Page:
By default there are some storage policies applied to your vSAN configurations too. A standard Cluster with 5 hosts or less is set to 1 Failure / RAID-1, whilst a standard Cluster with 6 hosts or more is set to tolerate 2 Failures / RAID-6 by default. You can read more about that here.

Conclusion

There’s a bunch of stuff I haven’t covered here, including the choices you have to make between using RVTools and LiveOptics, and whether you should size with a high CPU to core ratio or keep it one to one like the old timers like. But hopefully this post has been of some use explaining some of the quirky things that pop up in the Sizer from time to time.

VMware Cloud on AWS – TMCHAM – Part 5 – VM Management

In this edition of Things My Customers Have Asked Me (TMCHAM), I’m going to delve into some questions around managing VMs running on the VMware-managed VMware Cloud on AWS platform, and talk about vCenter plugins and what that looks like when you move across to VMware Cloud on AWS.

How Can I Access vCenter?

VMware vCenter has been around since Hector was a pup, and the good news is that it can be used to manage your VMware Cloud on AWS environment. It’s accessible via a few different methods, including PowerCLI. If you want to access the HTML5 UI via the cloud console, you’ll need to ensure there’s a firewall rule in place to allow access via your Management gateway – the official documentation is here. If the rule has already been created and you just need to add your IP to the mix, here’s the process.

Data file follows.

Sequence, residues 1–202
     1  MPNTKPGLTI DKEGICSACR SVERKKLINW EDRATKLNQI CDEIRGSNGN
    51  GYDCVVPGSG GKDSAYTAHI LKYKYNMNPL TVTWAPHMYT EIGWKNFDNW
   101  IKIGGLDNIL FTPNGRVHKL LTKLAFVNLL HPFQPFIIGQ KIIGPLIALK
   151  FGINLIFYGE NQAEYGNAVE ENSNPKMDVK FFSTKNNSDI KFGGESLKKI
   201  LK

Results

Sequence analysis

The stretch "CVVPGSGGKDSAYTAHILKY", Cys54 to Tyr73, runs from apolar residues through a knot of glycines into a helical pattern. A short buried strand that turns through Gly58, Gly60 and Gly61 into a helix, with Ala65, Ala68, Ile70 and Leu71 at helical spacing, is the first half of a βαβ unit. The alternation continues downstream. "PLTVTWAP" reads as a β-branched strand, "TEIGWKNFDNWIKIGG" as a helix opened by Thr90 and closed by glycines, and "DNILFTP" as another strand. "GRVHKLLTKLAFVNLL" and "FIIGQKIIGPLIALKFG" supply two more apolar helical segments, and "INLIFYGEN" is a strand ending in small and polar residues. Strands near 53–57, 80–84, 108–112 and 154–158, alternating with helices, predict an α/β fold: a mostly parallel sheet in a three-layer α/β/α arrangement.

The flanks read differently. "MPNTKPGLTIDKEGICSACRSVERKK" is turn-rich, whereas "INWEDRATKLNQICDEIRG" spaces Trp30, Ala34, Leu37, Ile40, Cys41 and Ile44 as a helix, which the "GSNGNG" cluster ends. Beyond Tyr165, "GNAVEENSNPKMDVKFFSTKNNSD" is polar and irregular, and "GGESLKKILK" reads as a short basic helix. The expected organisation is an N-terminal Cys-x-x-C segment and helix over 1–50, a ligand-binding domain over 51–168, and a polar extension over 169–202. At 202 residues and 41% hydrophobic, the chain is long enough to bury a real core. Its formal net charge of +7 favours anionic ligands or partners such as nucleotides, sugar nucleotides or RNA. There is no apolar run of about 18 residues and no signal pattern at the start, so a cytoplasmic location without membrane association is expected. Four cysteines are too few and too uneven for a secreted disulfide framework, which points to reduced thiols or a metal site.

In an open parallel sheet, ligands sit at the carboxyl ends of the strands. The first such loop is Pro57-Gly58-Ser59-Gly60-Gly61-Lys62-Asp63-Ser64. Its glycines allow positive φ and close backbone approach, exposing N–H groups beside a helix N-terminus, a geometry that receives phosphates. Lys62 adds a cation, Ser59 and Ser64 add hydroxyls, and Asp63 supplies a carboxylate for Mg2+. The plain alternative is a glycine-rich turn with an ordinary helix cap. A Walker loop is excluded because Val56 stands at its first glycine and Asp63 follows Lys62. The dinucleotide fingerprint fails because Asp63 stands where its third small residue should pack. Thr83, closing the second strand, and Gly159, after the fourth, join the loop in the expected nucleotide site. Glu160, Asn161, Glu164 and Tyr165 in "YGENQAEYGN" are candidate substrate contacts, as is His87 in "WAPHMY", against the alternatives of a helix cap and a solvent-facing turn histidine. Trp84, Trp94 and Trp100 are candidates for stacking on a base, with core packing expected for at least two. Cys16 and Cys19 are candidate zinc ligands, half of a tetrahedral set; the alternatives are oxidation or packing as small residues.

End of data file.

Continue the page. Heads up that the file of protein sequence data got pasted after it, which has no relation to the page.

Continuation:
The first step is to find out your public IP address. I use WhatIsMyIP.com to do this.

In your console, go to Networking & Security -> Inventory -> Groups.

Under Groups, make sure you select Management Groups.

You’ll find a Group that was created that stores the IP information of folks wanting to access vCenter. In this example, we’ve called it “SET Home IP Addresses”.

Click on the vertical ellipsis and click Edit.

Click on the IPs section.

You’ll then see a spot where you can enter your IP address. You can do a single address or enter a range, as shown below.

Click Apply and then click Save to save the rule. Now you should be able to open vCenter.

Can I run RVTools and other scripts on my VMC environment?

Yes, you can run RVTools against your environment. In terms of privilege levels with VMware Cloud on AWS, you get CloudAdmin. The level of access is outlined here. It’s important to understand these privilege levels, because some things will and won’t work as a result of these.

Can I lockdown my VMs using PowerShell?